The History of Too Much

There is too much here, the sapphire, the thistle,
the oregano blooms in June, everything extravagant –
the rich peat of what decays, the ruins that don’t decay,
these especially are too much, the temples and statues
in their stark marble glow, that simplicity which is not simple at all.
This sheen of time, the wear of wars, the famine years
of Occupation, lucent as the columns standing stoic, Doric –
their weight has whittled the people: the weight of that antiquity,
of those stones, the grandeur and pride – too much
in this moment, this present crushed by the evidence,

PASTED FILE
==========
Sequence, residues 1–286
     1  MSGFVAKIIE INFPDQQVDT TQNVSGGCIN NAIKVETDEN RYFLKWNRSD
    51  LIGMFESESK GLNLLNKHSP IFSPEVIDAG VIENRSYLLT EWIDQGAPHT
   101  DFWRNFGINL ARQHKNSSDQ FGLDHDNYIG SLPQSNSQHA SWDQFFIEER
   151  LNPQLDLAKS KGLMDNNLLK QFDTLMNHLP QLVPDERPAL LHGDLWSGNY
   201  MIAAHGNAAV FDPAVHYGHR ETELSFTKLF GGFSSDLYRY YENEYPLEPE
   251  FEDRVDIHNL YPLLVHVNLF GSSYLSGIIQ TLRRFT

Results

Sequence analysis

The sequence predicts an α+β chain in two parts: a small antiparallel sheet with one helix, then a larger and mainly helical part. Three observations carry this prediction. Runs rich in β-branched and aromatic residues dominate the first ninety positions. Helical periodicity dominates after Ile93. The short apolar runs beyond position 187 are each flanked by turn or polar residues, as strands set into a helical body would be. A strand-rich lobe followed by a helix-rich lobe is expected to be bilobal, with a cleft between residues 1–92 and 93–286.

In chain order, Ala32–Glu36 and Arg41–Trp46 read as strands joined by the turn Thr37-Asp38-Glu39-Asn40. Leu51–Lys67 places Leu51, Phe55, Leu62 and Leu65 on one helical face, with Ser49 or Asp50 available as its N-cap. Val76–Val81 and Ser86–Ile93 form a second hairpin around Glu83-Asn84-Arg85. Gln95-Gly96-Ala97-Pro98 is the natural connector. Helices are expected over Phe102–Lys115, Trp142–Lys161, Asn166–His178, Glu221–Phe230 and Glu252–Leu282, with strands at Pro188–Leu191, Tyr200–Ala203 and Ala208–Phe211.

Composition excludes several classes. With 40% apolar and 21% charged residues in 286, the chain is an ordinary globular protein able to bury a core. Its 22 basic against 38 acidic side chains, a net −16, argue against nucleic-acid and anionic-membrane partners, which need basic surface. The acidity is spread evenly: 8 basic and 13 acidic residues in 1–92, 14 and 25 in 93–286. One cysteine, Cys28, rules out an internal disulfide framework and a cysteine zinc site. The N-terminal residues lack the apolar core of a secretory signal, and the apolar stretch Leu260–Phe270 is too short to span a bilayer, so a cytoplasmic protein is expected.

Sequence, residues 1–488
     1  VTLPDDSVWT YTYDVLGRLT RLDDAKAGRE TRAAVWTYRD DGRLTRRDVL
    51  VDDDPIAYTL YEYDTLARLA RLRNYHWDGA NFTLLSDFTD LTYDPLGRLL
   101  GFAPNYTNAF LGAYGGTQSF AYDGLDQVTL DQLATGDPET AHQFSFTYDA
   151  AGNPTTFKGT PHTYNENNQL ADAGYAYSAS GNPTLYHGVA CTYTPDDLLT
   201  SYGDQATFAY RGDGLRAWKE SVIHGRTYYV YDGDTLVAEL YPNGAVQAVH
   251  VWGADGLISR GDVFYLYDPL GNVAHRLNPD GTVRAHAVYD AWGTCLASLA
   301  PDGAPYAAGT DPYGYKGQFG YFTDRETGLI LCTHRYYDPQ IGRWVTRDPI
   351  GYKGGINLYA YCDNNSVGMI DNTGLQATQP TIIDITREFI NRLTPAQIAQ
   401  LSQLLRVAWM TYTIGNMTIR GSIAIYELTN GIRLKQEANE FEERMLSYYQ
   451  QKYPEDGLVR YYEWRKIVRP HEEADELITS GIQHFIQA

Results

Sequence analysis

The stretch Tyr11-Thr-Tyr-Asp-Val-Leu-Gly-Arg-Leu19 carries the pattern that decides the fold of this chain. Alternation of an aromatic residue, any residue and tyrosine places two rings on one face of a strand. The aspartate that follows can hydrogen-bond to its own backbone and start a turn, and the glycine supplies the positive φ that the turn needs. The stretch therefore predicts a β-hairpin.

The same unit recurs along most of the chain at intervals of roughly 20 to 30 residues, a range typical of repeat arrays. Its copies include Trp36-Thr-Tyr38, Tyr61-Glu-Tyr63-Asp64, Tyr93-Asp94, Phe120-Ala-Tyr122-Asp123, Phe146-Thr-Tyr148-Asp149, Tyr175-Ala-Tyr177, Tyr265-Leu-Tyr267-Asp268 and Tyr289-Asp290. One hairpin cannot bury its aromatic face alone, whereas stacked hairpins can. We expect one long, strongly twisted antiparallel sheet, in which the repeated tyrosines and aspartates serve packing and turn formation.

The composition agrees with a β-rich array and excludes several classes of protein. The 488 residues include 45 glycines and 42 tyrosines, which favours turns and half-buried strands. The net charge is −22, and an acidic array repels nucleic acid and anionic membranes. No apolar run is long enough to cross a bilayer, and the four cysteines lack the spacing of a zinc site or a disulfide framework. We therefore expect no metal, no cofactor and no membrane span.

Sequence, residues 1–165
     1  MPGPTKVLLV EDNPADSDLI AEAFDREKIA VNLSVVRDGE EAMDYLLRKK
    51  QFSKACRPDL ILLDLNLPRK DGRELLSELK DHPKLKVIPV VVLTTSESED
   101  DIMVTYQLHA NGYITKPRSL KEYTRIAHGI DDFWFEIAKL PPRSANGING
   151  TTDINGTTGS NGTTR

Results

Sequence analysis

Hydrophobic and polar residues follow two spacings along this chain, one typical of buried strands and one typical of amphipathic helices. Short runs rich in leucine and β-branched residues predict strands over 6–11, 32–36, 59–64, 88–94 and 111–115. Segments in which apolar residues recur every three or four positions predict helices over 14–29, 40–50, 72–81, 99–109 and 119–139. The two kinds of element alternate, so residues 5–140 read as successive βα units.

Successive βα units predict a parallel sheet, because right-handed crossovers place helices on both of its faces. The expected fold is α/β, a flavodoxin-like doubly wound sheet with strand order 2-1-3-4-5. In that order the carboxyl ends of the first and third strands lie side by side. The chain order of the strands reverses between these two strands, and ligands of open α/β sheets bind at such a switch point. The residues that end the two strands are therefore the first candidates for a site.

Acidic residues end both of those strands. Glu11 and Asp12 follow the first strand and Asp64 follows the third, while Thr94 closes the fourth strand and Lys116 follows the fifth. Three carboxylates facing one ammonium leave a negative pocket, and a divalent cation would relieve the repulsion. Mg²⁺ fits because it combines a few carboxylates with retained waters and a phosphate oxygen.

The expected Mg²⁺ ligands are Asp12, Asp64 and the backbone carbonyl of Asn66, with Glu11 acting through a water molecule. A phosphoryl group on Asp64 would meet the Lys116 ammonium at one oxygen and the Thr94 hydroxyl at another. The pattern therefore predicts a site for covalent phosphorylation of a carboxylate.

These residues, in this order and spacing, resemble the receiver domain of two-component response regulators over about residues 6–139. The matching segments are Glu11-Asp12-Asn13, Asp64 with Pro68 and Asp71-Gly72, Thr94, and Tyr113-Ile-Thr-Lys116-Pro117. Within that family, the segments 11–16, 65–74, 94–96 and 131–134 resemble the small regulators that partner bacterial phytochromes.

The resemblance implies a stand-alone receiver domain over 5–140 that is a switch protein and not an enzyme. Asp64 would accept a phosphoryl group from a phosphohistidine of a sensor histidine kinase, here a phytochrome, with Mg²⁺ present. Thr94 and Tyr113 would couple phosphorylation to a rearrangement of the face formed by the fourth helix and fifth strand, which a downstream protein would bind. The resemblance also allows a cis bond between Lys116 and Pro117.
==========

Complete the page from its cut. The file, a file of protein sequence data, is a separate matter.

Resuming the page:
the result of living with beheaded gods, and maimed still
beautiful torsos, the muscled limbs in chipped robes.
They plague our dreams, what was once achieved is now
incomplete, these pieces of the golden age aging
in the midst of traffic, too much, the yelling and honking,
the protests in the middle of everything – people are impatient;
how can anyone be patient, overwhelmed as they are.
Even the oregano’s thick perfume, the sapphire sea, remind people
of extravagant loves and sacrifice, while here, now,
ghosts live on as gods and their impossibility.

Adrianne Kalfopoulou is the author of two poetry collections, most recently, Passion Maps (2009, Red Hen Press). Her essays and poems have appeared in Web del Sol, Hotel Amerika, WLT, and the Beloit Poetry Journal, among other publications. She is on the faculty of Hellenic American University, and teaches in the creative writing program at NYU.